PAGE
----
Can you tell us more about your locations. They are so evocative. How do you happen upon them?
Cuba is a miracle out of time and Havana is a beautiful disaster, a city in the clouds, that really ought not to exist, but there it is. For now. I understand that it is a stunning, evocative, and vivid aesthetic, and I understand that so much of Havana is hard for the people and for my friends who live there. The light and the colors and the ruins and the labyrinthine streets and the phantoms of history are part of what inspires me. It’s hard not to be inspired.
Beautiful, evocative indoor spaces are everywhere, of course. But it’s tricky to get enough light and privacy too. I love the process of working in Cuba, finding models and spaces too. But it’s often quite difficult to work in Cuba, to do the kind of work I do, I mean. Socialism does not want or provide so many opportunities for privacy. There exists in Cuba the lechuzas, the Spanish word for owl — they are the neighbors who are always watching, to gossip or to report to the government. Every time I go, every time, I spend so much of my time organizing spaces, especially looking at indoor spaces. Sometimes friends will set up appointments for me to look at spaces. I have even knocked on doors to ask to look at houses.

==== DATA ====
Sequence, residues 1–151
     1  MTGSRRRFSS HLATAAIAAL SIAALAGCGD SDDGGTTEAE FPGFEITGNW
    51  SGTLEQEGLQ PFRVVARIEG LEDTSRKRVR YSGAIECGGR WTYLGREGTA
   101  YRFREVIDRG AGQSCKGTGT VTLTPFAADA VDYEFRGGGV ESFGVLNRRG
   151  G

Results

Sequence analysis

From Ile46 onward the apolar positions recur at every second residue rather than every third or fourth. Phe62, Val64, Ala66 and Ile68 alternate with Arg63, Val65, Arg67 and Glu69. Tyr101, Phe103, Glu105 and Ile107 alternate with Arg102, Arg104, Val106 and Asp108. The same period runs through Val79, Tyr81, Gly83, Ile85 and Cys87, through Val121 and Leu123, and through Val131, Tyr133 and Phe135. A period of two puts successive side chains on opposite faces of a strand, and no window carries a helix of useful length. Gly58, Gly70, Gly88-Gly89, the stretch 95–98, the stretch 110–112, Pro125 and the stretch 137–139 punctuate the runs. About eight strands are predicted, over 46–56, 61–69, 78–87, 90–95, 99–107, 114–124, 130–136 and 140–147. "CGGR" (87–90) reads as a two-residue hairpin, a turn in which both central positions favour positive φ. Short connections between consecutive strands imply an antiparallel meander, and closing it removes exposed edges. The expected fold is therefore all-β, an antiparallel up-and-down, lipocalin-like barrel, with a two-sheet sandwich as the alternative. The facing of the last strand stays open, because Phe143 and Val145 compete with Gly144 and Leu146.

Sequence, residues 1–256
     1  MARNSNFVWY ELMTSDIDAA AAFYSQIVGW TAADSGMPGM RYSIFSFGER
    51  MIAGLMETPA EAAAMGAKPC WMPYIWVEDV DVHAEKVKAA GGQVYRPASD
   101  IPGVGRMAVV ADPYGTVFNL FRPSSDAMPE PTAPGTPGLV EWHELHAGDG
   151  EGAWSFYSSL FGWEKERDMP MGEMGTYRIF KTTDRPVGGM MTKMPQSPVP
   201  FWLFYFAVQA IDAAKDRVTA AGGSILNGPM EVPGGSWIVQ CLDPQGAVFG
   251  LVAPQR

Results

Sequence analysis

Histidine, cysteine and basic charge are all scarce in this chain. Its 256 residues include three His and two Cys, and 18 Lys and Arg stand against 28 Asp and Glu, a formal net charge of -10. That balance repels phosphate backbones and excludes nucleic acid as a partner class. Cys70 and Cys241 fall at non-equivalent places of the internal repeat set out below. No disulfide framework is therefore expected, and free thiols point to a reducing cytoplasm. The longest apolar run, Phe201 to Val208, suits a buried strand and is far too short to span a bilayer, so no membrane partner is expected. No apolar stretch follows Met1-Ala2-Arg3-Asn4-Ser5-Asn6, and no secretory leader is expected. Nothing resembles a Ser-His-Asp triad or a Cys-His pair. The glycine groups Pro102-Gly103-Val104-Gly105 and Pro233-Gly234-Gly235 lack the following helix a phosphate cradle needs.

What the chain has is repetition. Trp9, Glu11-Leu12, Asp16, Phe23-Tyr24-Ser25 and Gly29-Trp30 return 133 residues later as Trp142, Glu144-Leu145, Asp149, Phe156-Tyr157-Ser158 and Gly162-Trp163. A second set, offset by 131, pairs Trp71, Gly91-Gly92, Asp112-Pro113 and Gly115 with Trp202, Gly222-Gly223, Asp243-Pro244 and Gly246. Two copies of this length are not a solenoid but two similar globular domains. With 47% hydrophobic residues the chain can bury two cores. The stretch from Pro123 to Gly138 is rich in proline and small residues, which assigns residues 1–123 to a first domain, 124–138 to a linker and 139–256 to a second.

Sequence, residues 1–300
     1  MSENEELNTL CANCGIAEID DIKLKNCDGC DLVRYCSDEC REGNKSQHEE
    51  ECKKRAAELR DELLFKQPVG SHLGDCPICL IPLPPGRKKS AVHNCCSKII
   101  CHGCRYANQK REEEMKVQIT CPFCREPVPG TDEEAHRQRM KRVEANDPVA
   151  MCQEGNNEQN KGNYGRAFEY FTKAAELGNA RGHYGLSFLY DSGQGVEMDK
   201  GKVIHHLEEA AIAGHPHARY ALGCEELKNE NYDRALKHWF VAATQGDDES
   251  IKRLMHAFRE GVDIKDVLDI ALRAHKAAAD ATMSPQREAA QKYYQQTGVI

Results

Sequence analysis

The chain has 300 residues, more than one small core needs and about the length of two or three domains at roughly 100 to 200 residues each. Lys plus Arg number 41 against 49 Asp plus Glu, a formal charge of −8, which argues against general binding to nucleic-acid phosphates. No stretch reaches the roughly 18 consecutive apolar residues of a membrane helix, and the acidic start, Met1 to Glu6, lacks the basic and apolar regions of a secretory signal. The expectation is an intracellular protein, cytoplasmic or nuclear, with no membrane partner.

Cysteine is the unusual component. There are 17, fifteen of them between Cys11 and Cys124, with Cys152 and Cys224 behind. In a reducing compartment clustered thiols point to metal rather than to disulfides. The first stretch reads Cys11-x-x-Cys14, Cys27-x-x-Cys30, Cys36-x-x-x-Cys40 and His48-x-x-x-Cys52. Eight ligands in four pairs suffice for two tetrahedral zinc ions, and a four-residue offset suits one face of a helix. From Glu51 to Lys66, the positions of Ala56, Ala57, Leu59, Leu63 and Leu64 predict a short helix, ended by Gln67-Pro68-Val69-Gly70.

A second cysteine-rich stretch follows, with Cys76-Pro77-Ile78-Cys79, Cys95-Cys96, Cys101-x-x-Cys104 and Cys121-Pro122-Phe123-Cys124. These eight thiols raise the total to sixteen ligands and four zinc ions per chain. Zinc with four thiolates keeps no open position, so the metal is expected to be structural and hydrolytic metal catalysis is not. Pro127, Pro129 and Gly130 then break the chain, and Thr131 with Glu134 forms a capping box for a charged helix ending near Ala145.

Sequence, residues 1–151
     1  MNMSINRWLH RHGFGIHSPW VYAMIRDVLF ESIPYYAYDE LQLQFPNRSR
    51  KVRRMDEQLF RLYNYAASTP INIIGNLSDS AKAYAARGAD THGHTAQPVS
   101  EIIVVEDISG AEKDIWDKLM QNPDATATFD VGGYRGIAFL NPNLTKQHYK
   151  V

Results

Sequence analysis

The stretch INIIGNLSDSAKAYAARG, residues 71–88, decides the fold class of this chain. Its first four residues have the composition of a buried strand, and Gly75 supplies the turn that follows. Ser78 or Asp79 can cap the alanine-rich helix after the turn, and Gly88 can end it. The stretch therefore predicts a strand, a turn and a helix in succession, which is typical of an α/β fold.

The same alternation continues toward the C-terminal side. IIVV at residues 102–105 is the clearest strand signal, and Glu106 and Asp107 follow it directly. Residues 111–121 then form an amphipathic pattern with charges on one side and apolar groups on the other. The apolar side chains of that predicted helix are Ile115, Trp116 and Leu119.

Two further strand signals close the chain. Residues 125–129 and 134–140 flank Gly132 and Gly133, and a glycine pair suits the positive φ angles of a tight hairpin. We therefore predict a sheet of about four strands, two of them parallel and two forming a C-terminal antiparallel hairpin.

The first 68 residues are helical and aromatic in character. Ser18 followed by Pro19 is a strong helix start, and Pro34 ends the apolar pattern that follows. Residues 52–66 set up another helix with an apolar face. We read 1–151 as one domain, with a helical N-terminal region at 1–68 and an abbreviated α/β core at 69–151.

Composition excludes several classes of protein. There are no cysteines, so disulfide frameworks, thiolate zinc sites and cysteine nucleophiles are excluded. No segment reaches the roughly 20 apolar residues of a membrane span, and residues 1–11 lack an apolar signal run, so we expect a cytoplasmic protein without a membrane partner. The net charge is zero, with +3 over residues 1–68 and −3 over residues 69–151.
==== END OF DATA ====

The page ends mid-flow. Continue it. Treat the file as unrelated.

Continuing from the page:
So I am grateful for the spaces I have found. An architect friend helped me find the delightful blue room behind the Capitolio. Sadly, it has now been destroyed. Friends showed me la Playa del Chivo and Playita 16 and, perhaps my favorite place in the world to be, Los Jardines de la Polar, my secret garden in Havana. It is abandoned and very nearly undocumented. When I take my models there, boys who live a few minutes away, they marvel at the beauty and the space. The Polar Gardens, named after the nearby Polar beer factory, the Polar Cerveceria, is secreted away inside the city, under a large canopy of ancient Algarrobo trees with their knotting, threading vine-roots casting dapple-drawn light on the gardens and gazebos and bridges, on the miniature castles and Chinese tile work, on the shining mustard and deep blue tiles ascatter in the earth, on Catalan modernist structures, now crumbling under the force of time and a death grip of vines.